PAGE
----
One of the things that music writers do to impress each other is to boast about who they’ve interviewed. I’ve never bothered entering these bragging rights showdowns. I’ll never get the interview that I most want. I’ll never get to interview Tupac.

It’s a small sorrow in the grand scheme of things. But it’s there nonetheless. And I always think about it on September 13.

There’s no rapper under the sun that’s been mythologized as much as Tupac. As the print version of XXL noted recently, Tupac has had a thriving, productive career since his murder. His ghost has sold over 73 million albums, and inspired countless books, college courses and documentary films. (Not even going to talk about all the t-shirts.) Tupac has immeasurable influence on the rap game, and on pop culture as a whole.

In part, I think it’s due to how compelling his story is. The Pac narrative weaves together so many fragments of America life and history: the Black Power movement, inner-city poverty, Reaganomics, the crack era, gang life, Hollywood, the music industry, the prisons, the cult of celebrity, the rise of rap as mainstream music, and hip-hop’s morbid fascination with death. It’s a story with a tragic ending; a story that brings into focus the pain and futility and wasted potential that violence (and poverty and racism) causes. It’s a story of spectacular loss.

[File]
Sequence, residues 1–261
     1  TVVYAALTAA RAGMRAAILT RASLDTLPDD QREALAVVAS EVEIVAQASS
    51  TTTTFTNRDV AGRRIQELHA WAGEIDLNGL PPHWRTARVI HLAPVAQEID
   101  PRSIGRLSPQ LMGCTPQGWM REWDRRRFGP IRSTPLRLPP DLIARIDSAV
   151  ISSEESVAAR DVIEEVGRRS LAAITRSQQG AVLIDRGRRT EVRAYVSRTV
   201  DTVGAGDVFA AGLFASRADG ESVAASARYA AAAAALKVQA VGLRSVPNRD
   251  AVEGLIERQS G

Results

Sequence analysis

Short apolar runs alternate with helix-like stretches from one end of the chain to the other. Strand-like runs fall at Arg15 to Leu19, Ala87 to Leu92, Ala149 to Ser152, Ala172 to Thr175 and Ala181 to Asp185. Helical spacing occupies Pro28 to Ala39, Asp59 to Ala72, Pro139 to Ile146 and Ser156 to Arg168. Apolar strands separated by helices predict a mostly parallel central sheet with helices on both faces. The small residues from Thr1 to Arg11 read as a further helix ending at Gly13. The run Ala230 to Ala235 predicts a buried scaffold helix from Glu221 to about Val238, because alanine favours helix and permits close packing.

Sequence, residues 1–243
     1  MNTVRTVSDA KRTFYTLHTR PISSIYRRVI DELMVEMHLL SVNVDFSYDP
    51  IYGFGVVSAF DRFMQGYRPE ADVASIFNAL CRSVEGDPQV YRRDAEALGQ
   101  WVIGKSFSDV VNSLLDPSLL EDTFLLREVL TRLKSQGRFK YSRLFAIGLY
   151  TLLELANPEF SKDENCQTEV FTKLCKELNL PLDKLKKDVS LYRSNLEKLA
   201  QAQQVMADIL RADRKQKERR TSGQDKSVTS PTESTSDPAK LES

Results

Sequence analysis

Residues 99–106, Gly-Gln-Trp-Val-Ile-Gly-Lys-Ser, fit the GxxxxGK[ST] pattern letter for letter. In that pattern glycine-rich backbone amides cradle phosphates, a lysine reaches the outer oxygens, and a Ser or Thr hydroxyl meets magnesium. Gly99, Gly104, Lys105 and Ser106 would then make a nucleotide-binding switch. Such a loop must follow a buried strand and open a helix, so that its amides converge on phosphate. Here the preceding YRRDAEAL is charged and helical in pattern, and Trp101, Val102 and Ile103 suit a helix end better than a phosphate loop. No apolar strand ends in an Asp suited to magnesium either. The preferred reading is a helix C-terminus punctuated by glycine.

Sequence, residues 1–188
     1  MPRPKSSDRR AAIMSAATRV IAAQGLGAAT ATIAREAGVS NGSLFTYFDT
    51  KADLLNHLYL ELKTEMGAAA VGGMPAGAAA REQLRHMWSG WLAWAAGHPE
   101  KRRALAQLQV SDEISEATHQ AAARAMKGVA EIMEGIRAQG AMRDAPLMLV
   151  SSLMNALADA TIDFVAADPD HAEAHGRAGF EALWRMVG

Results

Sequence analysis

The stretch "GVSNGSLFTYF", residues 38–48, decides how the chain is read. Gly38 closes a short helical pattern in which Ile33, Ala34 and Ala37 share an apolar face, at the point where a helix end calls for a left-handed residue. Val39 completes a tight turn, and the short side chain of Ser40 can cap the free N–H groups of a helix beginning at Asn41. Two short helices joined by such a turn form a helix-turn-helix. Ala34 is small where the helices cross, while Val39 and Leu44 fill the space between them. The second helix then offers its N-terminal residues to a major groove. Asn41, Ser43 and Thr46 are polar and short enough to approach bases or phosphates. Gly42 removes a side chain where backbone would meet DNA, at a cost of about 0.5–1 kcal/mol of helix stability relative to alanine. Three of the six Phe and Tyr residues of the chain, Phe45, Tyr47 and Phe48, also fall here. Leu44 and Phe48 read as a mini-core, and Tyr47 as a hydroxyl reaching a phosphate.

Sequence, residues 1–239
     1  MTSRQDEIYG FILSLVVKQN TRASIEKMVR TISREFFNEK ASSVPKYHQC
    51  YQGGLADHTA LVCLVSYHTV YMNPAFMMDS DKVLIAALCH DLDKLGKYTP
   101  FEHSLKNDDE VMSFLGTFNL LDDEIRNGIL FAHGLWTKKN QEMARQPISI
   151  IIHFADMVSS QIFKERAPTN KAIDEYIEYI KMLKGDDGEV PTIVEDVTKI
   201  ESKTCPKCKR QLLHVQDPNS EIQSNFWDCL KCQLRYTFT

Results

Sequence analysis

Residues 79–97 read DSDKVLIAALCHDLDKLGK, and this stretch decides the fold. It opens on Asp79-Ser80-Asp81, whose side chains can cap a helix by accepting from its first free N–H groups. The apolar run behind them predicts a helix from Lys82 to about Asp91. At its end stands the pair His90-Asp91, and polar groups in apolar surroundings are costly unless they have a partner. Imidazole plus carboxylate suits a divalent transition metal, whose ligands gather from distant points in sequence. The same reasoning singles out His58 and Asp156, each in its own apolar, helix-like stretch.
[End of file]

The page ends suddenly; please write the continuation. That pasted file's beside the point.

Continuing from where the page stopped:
But it’s not just about mythology—it’s also about a man’s life. Vibe editor Danyel Smith was quoted today on the topic of why Pac is so beloved:

Nothing that I can answer is really going to get at it, or it's going to sound emotional and corny, but the fact of the matter is he was just a very special human being. He was the kind of heroic figure—very flawed, very passionate, very handsome, very outspoken, very talented—who comes along once in a lifetime.

Pac isn’t the greatest rapper of all time when it comes to skills. But he had the great (and rare) gift of making you feel something with his music. At the end of the day, despite his thug armor, he was unafraid to show emotion. He was unafraid to reveal his humanity—who he was as a man—with all his strengths and weaknesses.

And because of that, his music has an intimate quality to it. In spite of his superstardom. His tracks remind you of your best friend or your brother—or any of the handful of guys close enough to really let their guard down. The guys you see in every conceivable situation: pumped at the club, telling animated stories over burgers, bloody from a fight, head hung in court, crying on your couch, fixing your car, getting fed by their doting Moms, working crappy jobs, helping their friends move, clowning around. Pac is like those guys next door—you see them at their best and at their worst, and wind up loving them all the more for it.